1 Social Innovation through Utilization of Big Data Hitachi Review Vol. 62 (2013), No Shuntaro Hitomi Keiro Muro OVERVIEW: The analysis and utilization of large amounts of actual operational data collected from equipment and devices have made it practical to realize the possibilities of converging and advancing the control and information systems. An effective approach to analyze and utilize big data efficiently is to determine the events that must be discovered through data analysis to achieve business objectives, and then select the appropriate mathematical analysis algorithms based on available data, thereby building an analysis method. Hitachi has formed a team specializing in data analysis with extensive experience in product manufacturing, maintenance, and operations, while bringing together a tremendous amount of mathematical analysis technology research in order to promote the achievement of social innovation through the utilization of big data. INTRODUCTION ADVANCEMENTS in information technology (IT) have caused the amount of data we can access to increase dramatically. In other words, factors such as faster computational processing through IT, expanded network environments for data transmission including the Internet and wireless communications, and increased capacity in the storage devices used to store data for a certain period of time have made it a realistic prospect to handle larger amounts of actual data than previous systems could handle. As a result, major opportunities have opened up for collecting and analyzing these massive amounts of data for utilization in the improvement of business quality. This article describes new services that are implemented in the public infrastructure sector through the collection and analysis of large amounts of data, as well as case studies. PUBLIC INFRASTRUCTURE AND BIG DATA Age of Things Big Data Big data of things, people, and concepts As the amounts of data that can be handled increase, the data types available are also expanding (see Fig. 1). Hitachi sees big data as being divided into three categories, things, people, and concepts. In addition to the analysis of production management, inventory management, and other types of back office Electric power meters Operational information Car navigation systems GPS Monitored video Smart phones Health and body temperature Tweets SNS Telephone call logs Things Big Data Movement of people People Concepts Back office business data (Production management, inventory management, etc.) Equipment monitoring Shopping Downloading video, still image, and audio content GPS: global positioning system SNS: social networking service IC: integrated circuit Environment and weather Logistical tracking Using IC cards Diagnostic images and medical records Fig. 1 Big Data = Data of Things, People, and Concepts. The world of data that can be processed with information technology (IT) is growing day by day.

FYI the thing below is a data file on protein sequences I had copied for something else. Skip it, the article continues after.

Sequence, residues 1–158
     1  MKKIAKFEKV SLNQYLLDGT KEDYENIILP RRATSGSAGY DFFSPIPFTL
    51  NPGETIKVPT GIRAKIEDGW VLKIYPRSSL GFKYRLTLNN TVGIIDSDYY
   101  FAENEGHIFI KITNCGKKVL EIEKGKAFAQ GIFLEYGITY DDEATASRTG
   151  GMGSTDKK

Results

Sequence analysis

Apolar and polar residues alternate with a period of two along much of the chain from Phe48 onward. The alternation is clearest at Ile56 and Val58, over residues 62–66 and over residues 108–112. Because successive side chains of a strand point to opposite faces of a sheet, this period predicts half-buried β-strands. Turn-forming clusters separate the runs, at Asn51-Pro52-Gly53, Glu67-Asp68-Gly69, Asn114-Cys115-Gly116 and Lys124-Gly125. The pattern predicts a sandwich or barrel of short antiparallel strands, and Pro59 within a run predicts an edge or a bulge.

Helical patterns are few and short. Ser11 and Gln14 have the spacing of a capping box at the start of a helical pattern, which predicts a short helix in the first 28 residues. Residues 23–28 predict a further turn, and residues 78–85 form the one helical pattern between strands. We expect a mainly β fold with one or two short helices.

2 Hitachi Review Vol. 62 (2013), No business data ( concepts big data, or abstract things), which IT has traditionally been strong in, the big data that is generated from the actions of individual people ( people big data), such as text messages posted to social networking services (SNS) and other forms of social media as well as location, movements, and other information that can be acquired from smartphones and other devices, can now be utilized through the application of IT. Furthermore, it has also become practical to gather, analyze, and utilize the data generated through the operation of things, including the operational information of transportation systems and the global positioning system (GPS) information of car navigation systems, as well as actual operational data obtained from sensors installed with the purpose of monitoring and controlling a variety of different mechanical equipment ( things big data), without the need to discard such information each time. Convergence of information and control as implemented through utilization of things big data One of the major features of things big data is that it is a record of device operation derived from the actual use of devices in society, unlike the test result data that is from previously envisioned situations and a certain set length of time derived from sources such as equipment tests and trial operation. By appropriately analyzing this data, it is possible to accurately evaluate the current state of devices that are actually operating, and to analyze the effectiveness of a device maintenance business or the influence of operations. Although in the past, it was difficult to obtain the actual detailed operational data of devices in certain fields, the individual know-how of those in charge of operations and maintenance businesses who directly handled the devices during actual operations has led through various trial-and-error processes and contrivances during device maintenance and operation to this know-how being both accumulated and passed down throughout organizations. The effects described below can be expected as the result of incorporating the analysis and utilization of this actual operational data, which is the things big data itself: (1) The effects and influence of maintenance policies or operational changes can be evaluated and feedback can be created using actual operational data. This can be used to accelerate improvements in maintenance and operations. (2) Appropriate maintenance and operation modification methods can be automatically predicted and determined based on an evaluation of the current state of devices, which is derived through data analysis. Also, maintenance and operational know-how that had to be passed down individually in the past can now be replaced with a method of analyzing the data of maintenance and operational know-how, which is an effective way of sharing and passing down know-how. (3) The results of collecting and analyzing a wide range of device positional and operational information data, energy consumption data, and other data can be used to automate operations, balance supply and demand, support human activities, and otherwise converge and increase the sophistication of information and control systems. Hitachi s Efforts in Utilization of Things Big Data Challenges facing data analysis A valid method for effectively implementing data analysis and utilization is to construct a data analysis procedure by following these steps: (1) determine the events that should be derived through data analysis in order to achieve business objectives, (2) obtain and select the data that can be used for this purpose, and (3) select and tune the necessary mathematical analysis algorithms. While executing this series of steps, it is important to master the properties and usage methods of many mathematical analysis algorithms, to possess a wide range of knowledge, and to understand how usable data reflects device states and physical properties (information specific to the devices). In particular, evaluation and verification are indispensable parts of the algorithm selection and tuning process, and in some cases, a long period of trial and error is necessary. This knowledge and information is useful for correctly interpreting what physical or business significance the indices that act as criteria for discovering events have, and as a result, can be utilized for quickly discovering analytical methods commensurate with the objectives. In the past, a system that was widely used included measuring data for mechanical devices under test or trial operation environments, securing device design quality, and applying manufacturing process control. Due to Hitachi s many years of experience in the research, development and manufacturing of countless mechanical devices, the group possesses a wide range of information regarding the physical properties of devices, and a wealth of knowledge about the mathematical analysis algorithms necessary for data analysis.